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I have a Windows 8.1 Pro 64-bit machine, with an Intel Haswell i7 processor, and 8GB of RAM.

I installed the latest VirtualBox (4.3.6) and I'm trying to install a Linux guest. I've tried several Linux distribution ISOs (Mint16, Mint16-xfce, Fedora20, Kubuntu13.10), and they all get stuck right after the Live CD boots. I managed to install some of them on my VirtualBox on the Mac, so it's not the ISOs fault. Something is preventing the boot sequence. Any ideas?

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Are you trying to do the 64-bit or 32-bit Linux guests? Is virtualization turned on? What is the EXACT CPU model? Can you load a version of Windows on VirtualBox? – Canadian Luke Dec 30 '13 at 22:41
I'm trying 64-bit for the guests. Virtualization is turned on. CPU model is I7-4500U. Haven't tried Windows on VBox, but managed to install Linux on Hyper-V 9reason I'm not sticking to Hyper-V is the resolution limit). – Traveling Tech Guy Dec 30 '13 at 22:50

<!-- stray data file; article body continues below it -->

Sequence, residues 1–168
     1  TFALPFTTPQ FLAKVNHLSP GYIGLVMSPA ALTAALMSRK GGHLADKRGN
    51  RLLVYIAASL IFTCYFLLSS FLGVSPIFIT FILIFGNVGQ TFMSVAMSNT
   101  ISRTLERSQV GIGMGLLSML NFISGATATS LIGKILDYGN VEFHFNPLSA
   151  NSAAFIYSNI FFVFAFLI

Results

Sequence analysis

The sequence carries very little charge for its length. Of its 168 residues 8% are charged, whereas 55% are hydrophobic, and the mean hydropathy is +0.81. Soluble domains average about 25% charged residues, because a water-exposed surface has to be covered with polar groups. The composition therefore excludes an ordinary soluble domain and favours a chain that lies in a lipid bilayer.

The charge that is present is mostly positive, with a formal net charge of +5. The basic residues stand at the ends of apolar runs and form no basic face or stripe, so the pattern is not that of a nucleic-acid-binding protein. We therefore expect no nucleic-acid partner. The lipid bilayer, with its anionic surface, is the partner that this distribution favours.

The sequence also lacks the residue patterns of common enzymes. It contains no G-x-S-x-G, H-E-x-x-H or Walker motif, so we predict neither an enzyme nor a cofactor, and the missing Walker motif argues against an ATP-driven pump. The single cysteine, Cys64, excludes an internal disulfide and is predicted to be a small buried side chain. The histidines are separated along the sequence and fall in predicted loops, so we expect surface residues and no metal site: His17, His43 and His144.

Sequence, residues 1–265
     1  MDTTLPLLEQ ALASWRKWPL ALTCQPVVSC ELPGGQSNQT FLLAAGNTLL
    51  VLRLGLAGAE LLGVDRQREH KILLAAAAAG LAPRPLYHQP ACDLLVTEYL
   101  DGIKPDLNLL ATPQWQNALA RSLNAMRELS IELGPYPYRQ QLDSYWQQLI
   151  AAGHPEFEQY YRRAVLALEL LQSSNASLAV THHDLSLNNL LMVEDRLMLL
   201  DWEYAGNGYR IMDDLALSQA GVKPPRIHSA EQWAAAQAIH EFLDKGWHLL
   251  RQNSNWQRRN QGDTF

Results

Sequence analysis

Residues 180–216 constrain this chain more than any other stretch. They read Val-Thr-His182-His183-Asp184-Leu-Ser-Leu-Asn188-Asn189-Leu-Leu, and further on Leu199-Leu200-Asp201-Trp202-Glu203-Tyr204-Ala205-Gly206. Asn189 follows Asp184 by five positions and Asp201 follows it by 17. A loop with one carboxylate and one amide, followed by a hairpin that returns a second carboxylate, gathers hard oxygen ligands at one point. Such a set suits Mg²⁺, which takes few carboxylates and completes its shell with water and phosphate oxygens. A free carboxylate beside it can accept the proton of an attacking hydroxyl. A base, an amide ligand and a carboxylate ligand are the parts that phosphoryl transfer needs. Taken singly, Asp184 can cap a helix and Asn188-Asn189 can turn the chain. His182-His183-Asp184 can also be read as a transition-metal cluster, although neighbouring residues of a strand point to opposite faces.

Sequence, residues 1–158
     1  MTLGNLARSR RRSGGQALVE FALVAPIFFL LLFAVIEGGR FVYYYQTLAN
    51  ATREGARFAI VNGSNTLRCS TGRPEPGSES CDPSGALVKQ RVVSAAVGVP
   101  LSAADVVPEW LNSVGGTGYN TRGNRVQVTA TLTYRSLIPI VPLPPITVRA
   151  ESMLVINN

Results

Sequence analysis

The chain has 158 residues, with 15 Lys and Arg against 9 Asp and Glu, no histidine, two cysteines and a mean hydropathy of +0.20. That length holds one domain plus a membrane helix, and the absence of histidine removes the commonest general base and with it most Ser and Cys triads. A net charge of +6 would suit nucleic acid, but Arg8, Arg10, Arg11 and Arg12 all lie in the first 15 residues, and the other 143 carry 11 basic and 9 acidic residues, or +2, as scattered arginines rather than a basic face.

Try with a 32-bit guest, just for S&G – Canadian Luke Dec 30 '13 at 22:51
Do you have a hunch? I never had that problem before with VBox (as said I have a Win7 machine happily running Ubuntu64, as well as a Mac doing the same) so before I start downloading more ISOs, I wonder if there's something I may be missing. – Traveling Tech Guy Dec 30 '13 at 22:54
It's going to be the first thing I'd try. I never allocate more than 3GB of RAM anyways to my VMs, so I never use the 64-bit ISOs (except for testing purposes). – Canadian Luke Dec 30 '13 at 22:59
up vote 5 down vote accepted

Finally found the answer. It all hinges on Hyper-V and the fact that it's enabled by default in Windows 8.1 Pro (as well as in other Pro and server Windows versions). With Hyper-V running, other hypervisors (like VirtualBox, VMWare and Android emulator) are crippled.

You could, potentially, disable Hyper-V from the Windows Add/Remove Features dialog. But what if you use Hyper-V for development or testing (i.e. WP8 development)?

The solution is to boot Windows with Hyper-V turned off. And the easiest way to do it, is to create a new boot configuration, with Hyper-V off, and boot to it whenever you need to use VirtualBox.

There are several step-by-step guides on how to create a new boot configuration - this one has some screen shots.

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